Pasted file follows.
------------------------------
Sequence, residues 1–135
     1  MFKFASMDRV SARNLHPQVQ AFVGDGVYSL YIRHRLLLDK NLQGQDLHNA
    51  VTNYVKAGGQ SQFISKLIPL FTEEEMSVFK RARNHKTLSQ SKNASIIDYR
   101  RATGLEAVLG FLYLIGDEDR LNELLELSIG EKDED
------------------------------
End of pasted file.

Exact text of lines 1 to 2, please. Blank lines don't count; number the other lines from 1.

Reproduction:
Sequence, residues 1–135
     1  MFKFASMDRV SARNLHPQVQ AFVGDGVYSL YIRHRLLLDK NLQGQDLHNA